Student Life

How to Stay Motivated in College

August 20, 2021

Staying motivated in college is something that comes naturally to some students and a lot harder for others. Motivation is fleeting, but relying on self discipline and consistency is what will ultimately help students get through those days they need to be driven. Motivation is known as the willingness and desire to do something, and let’s be honest, as human beings, we are not always willing to do all the tasks that are expected of us.  

The first step students can take to attempt to ensure that motivation remains intact in college is to set daily goals. By establishing goals, students set themselves up for success. There is something about establishing a plan of action that helps ensure that encouragement remains intact. 

Having a good balance between academics, extracurricular activities and social life is a tactic that helps students avoid burnout. By figuring out the perfect amount of time that should be allocated to each aspect of life, a student can easily stay motivated.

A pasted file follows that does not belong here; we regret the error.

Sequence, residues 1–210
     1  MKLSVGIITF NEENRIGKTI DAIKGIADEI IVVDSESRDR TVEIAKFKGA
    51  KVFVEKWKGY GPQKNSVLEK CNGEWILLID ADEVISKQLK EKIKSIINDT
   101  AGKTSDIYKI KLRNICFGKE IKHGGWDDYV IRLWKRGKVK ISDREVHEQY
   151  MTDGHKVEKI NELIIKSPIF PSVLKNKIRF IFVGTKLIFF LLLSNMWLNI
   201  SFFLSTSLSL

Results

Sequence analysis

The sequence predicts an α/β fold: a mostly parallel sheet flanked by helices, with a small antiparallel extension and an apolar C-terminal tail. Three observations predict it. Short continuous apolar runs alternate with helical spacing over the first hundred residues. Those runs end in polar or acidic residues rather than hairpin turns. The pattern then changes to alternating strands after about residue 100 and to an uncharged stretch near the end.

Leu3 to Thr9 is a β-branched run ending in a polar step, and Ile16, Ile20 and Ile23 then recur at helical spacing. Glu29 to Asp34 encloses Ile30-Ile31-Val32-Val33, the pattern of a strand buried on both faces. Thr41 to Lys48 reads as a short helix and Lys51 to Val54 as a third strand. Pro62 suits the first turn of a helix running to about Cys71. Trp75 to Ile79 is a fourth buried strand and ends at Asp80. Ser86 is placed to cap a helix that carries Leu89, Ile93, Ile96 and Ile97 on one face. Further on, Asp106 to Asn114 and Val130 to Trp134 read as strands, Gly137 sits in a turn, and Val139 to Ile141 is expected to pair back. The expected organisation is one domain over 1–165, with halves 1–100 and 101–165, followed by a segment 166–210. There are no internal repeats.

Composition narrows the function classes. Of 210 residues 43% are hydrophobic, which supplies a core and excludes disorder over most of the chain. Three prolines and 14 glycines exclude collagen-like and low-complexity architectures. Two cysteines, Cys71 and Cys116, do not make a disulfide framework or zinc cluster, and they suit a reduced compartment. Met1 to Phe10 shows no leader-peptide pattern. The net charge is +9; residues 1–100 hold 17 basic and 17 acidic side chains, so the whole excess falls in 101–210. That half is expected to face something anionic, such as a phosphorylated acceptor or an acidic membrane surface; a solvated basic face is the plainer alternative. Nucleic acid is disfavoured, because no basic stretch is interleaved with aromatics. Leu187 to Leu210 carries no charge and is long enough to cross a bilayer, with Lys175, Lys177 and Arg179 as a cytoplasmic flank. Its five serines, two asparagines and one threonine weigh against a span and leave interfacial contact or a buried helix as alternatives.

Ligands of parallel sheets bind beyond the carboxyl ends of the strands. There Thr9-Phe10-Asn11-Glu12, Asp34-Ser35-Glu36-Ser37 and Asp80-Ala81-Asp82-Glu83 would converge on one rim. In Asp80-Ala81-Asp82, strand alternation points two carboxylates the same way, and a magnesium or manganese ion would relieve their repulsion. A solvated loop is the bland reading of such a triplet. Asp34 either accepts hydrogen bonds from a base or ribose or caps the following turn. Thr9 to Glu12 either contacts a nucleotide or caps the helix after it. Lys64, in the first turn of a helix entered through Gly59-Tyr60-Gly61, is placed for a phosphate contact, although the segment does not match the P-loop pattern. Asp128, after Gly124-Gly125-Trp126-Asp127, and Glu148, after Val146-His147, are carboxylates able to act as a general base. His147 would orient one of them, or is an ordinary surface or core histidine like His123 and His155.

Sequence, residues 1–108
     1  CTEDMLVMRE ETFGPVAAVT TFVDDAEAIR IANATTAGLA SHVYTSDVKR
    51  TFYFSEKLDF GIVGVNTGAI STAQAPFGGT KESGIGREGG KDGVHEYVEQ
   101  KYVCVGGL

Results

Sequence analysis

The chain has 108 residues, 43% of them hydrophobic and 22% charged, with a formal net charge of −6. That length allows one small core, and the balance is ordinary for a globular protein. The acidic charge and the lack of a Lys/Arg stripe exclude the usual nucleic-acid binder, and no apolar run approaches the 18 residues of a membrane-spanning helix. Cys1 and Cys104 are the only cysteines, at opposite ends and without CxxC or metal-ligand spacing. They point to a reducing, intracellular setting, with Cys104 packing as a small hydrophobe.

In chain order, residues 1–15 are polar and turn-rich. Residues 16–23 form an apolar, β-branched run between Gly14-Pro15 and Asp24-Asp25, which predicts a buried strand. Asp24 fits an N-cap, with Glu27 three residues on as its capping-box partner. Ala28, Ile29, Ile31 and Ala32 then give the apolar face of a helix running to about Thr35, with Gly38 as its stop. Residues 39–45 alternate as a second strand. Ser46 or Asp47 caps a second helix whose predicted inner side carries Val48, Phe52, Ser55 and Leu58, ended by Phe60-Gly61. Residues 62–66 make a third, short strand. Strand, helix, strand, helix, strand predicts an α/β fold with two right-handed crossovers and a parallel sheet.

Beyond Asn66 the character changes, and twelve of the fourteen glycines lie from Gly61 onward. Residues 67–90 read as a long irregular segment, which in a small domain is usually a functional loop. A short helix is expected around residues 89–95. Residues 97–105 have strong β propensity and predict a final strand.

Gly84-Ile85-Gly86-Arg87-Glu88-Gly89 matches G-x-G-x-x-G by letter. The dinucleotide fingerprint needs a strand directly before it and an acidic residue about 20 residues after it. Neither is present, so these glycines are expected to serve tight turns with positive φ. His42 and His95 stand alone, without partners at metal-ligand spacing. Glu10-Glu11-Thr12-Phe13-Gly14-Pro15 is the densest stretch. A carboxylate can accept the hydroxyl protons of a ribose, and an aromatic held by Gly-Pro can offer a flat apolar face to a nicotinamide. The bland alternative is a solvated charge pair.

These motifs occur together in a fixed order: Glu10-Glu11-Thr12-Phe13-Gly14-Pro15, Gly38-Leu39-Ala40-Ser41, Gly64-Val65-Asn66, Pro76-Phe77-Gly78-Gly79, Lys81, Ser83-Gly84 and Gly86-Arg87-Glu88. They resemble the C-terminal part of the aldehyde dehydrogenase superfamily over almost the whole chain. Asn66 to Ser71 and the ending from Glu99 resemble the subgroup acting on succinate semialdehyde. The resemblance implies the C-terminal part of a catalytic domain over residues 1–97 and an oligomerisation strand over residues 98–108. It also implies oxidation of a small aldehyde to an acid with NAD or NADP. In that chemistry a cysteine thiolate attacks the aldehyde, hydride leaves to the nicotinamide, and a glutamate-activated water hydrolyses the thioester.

People often overestimate the existence of motivation. It is not always going to be present. Relying on motivation alone to ensure student success is not sufficient because there are going to be times when, as a student, you are going to be discouraged and not have the presence of motivation to push through. Being disciplined and forcing yourself to be consistent with your productive habits is what should be the ultimate ticket for student success in college. 

Setting specific goals and making sure to stick to them may help with motivation for the sake of personal accountability. Having set goals is a tangible thing students are able to keep track of that will enable them to stick to what they set out for themselves.